Friday, June 18, 2010

License To Drive

Items to keep hidden while traveling.

As I slowly tick away at my to-do list this week, I'm starting to feel like maybe I'm accomplishing something before I take off once again.

Living in Baltimore is nice. I enjoy it. Actually, I think I only enjoy it because I get to leave on a regular basis. I spend five months straight at home and it was nothing but darkness and misery. Abuse even. No travel. Horrific. I sometimes wonder if I would have put up with all that nonsense if I still maintained my normal travel schedule. Whatever the case, my travel schedule is getting back to normal, the weather is warmer and life is much more enjoyable again.

Unlike my last few trips to Asia, Africa, Europe, Central and South America, this time I'm planning on doing some driving, which typically heralds the need for an International Drivers License. Way back when, I used to get a new one every year (they're only valid for a year) and have a stack of old ones somewhere at home. Eleven dollars for the photos and fifteen for the license itself.

Truth be told, it's not very impressive. Just a big, gray booklet in various languages telling police officers around the world that you are licensed to drive legally on their streets. Of course, it's not a Get Out of Jail card and you still have to give your "tribute" to officers worldwide (depending on the nation) when they pull you over for various offenses.

Actually, I kind of prefer the "tribute" system. Get caught speeding in some backwater? Maybe forty bucks settles the problem and you're on your merry way again. No need for tickets. No need for courts. No need to contest. And no impact on your insurance policies. All in all, not a bad way to travel.

The downside is that it's a guessing game. Speak English and your "tribute" goes up by 25%. Act like the proverbial "ugly American" and it can increase exponentially. Better to speak or have a traveling "companion" that speaks the language (the last two times I got pinched), then you're only paying the "local" rate - or perhaps a little bit more, depending on how much English they hear you speaking. Better to keep your mouth shut and act like an idiot.

Best advice: don't get into an accident. In America, you get into an accident and you simply exchange insurance information. Get into an accident elsewhere and you might just bump into a Range Rover owned by some fugitive wanted for extradition by the United States. Not fun. And not cheap.

Driving across the world isn't too bad. For the most part, it's pretty easy. In many parts of the world, a heavy throttle, quick reflexes and lots of honking will do wonders. In western Honshu, apart from driving on the wrong side of the road, the biggest threat are these strange, one foot deep gutters on the sides of the roadway. Err into one of those by texting and your Nissan GT-R is hosed.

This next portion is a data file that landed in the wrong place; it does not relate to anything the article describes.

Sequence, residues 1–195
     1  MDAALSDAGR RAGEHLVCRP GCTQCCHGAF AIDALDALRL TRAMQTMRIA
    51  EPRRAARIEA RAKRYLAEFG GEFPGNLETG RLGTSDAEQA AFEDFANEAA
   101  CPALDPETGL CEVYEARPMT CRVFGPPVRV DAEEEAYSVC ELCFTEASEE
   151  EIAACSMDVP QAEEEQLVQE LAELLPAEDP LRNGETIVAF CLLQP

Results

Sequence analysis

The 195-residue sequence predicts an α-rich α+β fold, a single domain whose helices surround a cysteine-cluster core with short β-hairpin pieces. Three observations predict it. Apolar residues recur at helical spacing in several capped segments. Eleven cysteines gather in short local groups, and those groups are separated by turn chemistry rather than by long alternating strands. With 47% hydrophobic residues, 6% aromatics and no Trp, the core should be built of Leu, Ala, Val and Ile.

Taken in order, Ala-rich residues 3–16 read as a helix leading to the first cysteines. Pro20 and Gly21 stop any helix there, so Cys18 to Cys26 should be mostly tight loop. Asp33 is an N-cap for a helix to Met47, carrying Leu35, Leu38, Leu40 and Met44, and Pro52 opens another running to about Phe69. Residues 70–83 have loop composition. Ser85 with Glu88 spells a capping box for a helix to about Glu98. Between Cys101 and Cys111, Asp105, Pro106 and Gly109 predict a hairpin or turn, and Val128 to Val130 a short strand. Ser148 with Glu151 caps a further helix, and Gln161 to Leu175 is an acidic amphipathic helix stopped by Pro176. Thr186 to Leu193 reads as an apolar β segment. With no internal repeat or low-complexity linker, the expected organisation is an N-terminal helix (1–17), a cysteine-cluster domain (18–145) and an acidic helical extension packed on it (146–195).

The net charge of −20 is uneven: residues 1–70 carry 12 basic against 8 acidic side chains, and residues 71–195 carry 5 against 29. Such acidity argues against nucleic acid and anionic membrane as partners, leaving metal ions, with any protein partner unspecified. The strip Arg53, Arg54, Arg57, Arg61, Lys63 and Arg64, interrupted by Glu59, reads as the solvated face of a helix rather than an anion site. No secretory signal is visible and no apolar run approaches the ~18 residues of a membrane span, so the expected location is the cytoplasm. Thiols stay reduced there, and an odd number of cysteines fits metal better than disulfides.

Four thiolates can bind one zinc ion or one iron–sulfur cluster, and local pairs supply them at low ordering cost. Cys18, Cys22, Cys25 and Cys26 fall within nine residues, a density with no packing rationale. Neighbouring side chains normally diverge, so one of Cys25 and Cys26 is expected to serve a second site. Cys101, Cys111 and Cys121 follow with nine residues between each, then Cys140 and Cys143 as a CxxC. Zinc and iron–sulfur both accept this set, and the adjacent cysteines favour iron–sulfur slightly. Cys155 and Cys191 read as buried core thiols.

The real fun though is when you're driving in those "less developed" nations, aka The Third World. All those pleasant Road Rules you learned in driving school are out the window. See that space between those two cars? The one that looks barely wide enough to fit your car? Yes, the one that squeezes six cars across a three lane roadway? Go there. Fill it. Massage yourself into the space, then nose in front of that ten-wheeler truck to your left, he won't mind.

Out there, it's the Wild, Wild West. Honk a little. Honk a lot. Maneuver. Never mind that it's smoggy outside from pollution, roll down those windows and have a drag on your cigarette. Just keep moving forward. Ignore the lane markers. Go as fast as you can. Hell, go faster than the traffic. And if that still doesn't satiate your need for forward motion, why not just cross the median and drive on the other side of the road? They'll get out of your way.

In America, we're constantly bombarded by people at stop lights asking for change. Hopefully that doesn't bother you because out there it's hoards of children knocking on your window (now closed to insulate you from the common people and save your precious air conditioning - hey, it's hot out there). And don't make the mistake of rolling down your window to give that one child a coin. Make that mistake and the entire village will be surrounding your car for alms.

But the real problem with driving out there in the world is returning to the Puritanical civility of America, with it's wide boulevards, stop lights and general lawfulness. Squeezing into that open space has become second nature, but your fellow drivers sure are unhappy here when you do.

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